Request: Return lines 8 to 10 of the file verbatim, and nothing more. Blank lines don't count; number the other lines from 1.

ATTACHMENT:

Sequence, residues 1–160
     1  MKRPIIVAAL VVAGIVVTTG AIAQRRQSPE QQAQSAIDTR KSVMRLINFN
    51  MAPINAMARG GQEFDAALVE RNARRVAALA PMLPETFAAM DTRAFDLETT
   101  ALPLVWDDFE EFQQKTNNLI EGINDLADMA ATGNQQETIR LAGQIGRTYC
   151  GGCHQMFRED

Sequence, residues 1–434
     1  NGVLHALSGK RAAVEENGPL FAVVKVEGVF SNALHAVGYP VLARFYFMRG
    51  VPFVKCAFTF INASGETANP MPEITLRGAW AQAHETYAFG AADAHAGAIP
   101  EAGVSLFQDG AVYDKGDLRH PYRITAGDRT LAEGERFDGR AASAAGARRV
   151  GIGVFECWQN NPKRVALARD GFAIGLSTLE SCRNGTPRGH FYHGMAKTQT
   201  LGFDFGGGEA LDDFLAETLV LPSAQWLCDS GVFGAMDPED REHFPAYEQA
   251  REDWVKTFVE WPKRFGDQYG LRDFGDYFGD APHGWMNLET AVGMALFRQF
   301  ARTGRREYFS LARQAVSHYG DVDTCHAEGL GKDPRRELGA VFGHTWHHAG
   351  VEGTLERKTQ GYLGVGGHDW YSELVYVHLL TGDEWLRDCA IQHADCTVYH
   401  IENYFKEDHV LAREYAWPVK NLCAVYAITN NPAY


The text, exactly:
    51  VPFVKCAFTF INASGETANP MPEITLRGAW AQAHETYAFG AADAHAGAIP
   101  EAGVSLFQDG AVYDKGDLRH PYRITAGDRT LAEGERFDGR AASAAGARRV
   151  GIGVFECWQN NPKRVALARD GFAIGLSTLE SCRNGTPRGH FYHGMAKTQT